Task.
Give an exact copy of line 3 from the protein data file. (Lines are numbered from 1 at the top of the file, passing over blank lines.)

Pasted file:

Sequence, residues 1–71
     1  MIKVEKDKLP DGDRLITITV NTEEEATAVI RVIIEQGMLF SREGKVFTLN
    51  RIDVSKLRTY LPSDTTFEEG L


    51  RIDVSKLRTY LPSDTTFEEG L